Hebrews 13:7 reads: “Remember your leaders, those who spoke to you the word of God. Consider the outcome of their way of life, and imitate their faith.” While this instruction is surely given to the congregation of believers, I have seen it evidence itself in me-as-preacher. Everyone is influenced by those they admire. Preachers are no different – especially the young ones. It’s almost funny, but I can near categorize my last 20-plus years of teaching/preaching by certain men who, at different times, impacted me the most. Indeed, I could diagram that influence in a line of preachers – each name representing a season where I sat under their teaching in the hopes I might learn the Bible better and yet, I found myself being influenced by their preaching style (intentionally or not) Here’s my line:
John MacArthur —> Tommy Nelson —> John Piper —> Timothy Keller
1988-1993 1993-1998 2004-2006 2007-2009
Each of these men did different things for my preaching.
- During my college years, the Lord used John MacArthur to give me a greater love for God’s Word and a passion for verse-by-verse expositional preaching.
- Over my seminary career, God used the teaching ministry of Tommy Nelson to emphasize that sermons must be more than a running commentary on a Bible passage, but a message that is both insightful to the text and understandable to the listener.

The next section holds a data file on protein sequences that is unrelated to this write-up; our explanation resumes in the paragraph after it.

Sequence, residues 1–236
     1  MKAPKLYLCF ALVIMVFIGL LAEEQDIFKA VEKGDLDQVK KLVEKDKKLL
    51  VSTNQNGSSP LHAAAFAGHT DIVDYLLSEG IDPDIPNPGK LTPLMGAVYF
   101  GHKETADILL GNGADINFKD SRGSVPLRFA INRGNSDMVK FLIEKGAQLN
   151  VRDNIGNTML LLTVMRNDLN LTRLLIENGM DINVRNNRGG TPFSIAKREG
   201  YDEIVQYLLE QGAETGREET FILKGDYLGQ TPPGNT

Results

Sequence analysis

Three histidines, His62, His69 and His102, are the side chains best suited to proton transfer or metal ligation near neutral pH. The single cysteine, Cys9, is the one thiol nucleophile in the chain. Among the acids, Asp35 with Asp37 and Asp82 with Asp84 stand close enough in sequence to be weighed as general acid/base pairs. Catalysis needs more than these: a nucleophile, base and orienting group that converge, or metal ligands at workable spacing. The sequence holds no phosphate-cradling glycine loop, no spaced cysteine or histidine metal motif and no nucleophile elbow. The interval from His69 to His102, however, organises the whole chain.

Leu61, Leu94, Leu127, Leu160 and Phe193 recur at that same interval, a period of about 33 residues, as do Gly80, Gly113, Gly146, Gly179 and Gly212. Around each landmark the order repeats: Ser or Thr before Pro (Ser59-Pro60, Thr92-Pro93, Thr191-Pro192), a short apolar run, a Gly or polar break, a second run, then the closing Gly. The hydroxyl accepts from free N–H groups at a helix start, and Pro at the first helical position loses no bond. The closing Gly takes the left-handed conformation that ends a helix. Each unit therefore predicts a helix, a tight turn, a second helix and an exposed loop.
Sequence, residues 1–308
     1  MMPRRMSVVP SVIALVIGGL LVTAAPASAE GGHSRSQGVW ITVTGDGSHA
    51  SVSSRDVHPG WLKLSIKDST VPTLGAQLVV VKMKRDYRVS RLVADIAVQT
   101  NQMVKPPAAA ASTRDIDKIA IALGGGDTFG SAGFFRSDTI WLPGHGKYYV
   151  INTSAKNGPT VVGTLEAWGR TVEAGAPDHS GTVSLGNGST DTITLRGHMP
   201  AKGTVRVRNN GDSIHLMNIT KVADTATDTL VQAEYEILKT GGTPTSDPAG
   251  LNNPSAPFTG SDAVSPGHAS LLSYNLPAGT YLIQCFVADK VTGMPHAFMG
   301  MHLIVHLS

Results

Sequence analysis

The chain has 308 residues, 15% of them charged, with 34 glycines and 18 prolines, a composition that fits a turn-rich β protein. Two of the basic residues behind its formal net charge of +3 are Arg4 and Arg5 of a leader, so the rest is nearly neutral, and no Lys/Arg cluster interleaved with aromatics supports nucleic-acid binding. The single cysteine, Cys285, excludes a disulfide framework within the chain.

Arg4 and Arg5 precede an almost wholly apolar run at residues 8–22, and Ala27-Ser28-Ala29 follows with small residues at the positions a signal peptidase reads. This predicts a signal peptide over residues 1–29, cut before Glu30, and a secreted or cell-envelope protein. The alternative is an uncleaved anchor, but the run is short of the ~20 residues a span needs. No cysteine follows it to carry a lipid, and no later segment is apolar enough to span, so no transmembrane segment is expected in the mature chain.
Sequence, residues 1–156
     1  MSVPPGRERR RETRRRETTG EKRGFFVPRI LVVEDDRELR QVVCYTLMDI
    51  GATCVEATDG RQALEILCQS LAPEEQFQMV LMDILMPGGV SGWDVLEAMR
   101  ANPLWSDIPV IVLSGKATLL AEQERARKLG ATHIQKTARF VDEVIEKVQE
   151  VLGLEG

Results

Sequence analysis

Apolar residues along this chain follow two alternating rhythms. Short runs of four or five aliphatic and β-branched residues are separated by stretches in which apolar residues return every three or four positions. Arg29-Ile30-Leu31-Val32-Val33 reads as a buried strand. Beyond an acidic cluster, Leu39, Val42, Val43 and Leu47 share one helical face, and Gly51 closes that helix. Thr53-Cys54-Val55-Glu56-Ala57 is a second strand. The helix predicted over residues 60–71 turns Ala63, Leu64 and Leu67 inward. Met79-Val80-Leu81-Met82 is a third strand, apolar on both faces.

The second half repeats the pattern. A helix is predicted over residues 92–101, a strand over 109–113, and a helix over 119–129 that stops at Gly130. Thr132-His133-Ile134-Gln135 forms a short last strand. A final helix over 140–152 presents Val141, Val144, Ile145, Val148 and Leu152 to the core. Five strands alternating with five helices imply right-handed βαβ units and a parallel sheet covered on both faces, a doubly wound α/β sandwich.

- In my initial years after seminary and beginning my tenure at my current church, God reminded me through the ministry of John Piper that passion behind the pulpit is not peripheral but essential to preaching.
- More recently, I’ve have seen God’s grace to me via Tim Keller’s gospel-centric pulpit ministry. It has reaffirmed my commitment to making sure there is a reason why Christ’s death is necessary in every message I preach.
- Bruce Wesley is the pastor I share the pulpit with (every other weekend to be exact). God has used Bruce to teach me more things about preaching than I can ever fully list. However, a few things stand out at the writing of this post; the sermonic power of wordsmithing, the utility of manuscripting, and the strength of anticipating the objections of your listener.
Truth be told, early on in my ministry I probably idolized many of these men instead of seeing them as models. Time and maturity has wisely led me to abandon that approach. I also realize there is a great difference between learning from someone’s preaching style as opposed to cheaply copying it (see my Resurgence post on “Being You in the Pulpit“). Still, I admire these men in various ways today. Their influence on me behind the pulpit is inescapable. But that is true of anyone we allow close to us or look to for guidance. The question is not will you be influenced by others but who will influence you? In the role of preaching, I am grateful for my line of influence.
Who is in your line?